So, the minute I heard what was happening in Berlin I knew I had to go check things out for myself. The border guards were still on duty when I got there, but people were already chipping away at the Wall.
It was truly the most surreal sight I'd ever witnessed. I just kind of stood there thinking . . .
'I can't believe I'm seeing this!'
I'd have made a good postwoman. Come rain or shine, I walk absolutely everywhere. I think nothing of walking 10-15 km (about 6-10 miles) in an average day.
You discover so much more when you walk and it's usually easier (provided you have a decent map) than trying to figure out bus routes in foreign cities. Plus, of course, it's the cheapest way to get around!
That 'OMG-this-is-so-unreal!' feeling.
Like when you finally reach the summit of Mt. Kilimanjaro. Or scuba dive with sharks and manta rays in Bora Bora. Or unexpectedly come across a Western-style toilet in China.
You know, that kind of cool stuff.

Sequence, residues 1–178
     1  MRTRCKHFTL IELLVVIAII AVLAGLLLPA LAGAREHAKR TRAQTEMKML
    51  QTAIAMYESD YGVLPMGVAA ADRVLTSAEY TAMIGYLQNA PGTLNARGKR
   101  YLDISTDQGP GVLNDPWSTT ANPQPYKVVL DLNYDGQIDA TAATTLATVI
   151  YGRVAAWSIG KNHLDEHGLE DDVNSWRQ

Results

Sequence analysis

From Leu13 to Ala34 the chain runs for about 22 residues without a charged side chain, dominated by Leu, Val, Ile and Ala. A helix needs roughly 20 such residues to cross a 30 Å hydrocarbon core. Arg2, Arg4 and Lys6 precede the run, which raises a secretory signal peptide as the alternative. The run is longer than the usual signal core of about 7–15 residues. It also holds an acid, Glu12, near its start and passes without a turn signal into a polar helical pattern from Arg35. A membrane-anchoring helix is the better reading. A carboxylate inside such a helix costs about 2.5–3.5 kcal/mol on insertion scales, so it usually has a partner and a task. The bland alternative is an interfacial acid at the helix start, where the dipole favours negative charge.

For some reason, I came up with the very clever idea one year of backpacking around Egypt in August.
Not surprisingly, it was about 500°C (932°F) in the shade when I arrived at the Siwa Oasis, in the middle of the Libyan Desert. The guy at the guesthouse couldn't even believe I'd survived the 9-hour bus trip out there.
Dubai and Death Valley in California run very close seconds — both registered a searing 47°C (117°C) when I last visited.
I love beach weather but that was a bit much.
Here's where I should probably tell you about all the fantastically kind, helpful and hospitable people I've met backpacking around the world.
But I'll tell you instead about the time I was treated to a first class air ticket from Hong Kong to London on British Airways.
As I'd never flown anything but economy before, I really had no idea just how posh the whole experience would be. For dessert I got an entire box of handmade chocolate truffles and a whole bottle of French bubbly to wash it down.
Now that's what I call incredible service!
That would surely have to be the 42-hour stretch from hell along the Trans-Siberian Railway from Khabarovsk to Chita, near Lake Baikal.
I'd managed to get the worst bed on the train — a top bunk with no view out the window and zero headroom. All I could do was lie on my back or lie on my stomach. I couldn't even lift my head enough to drink.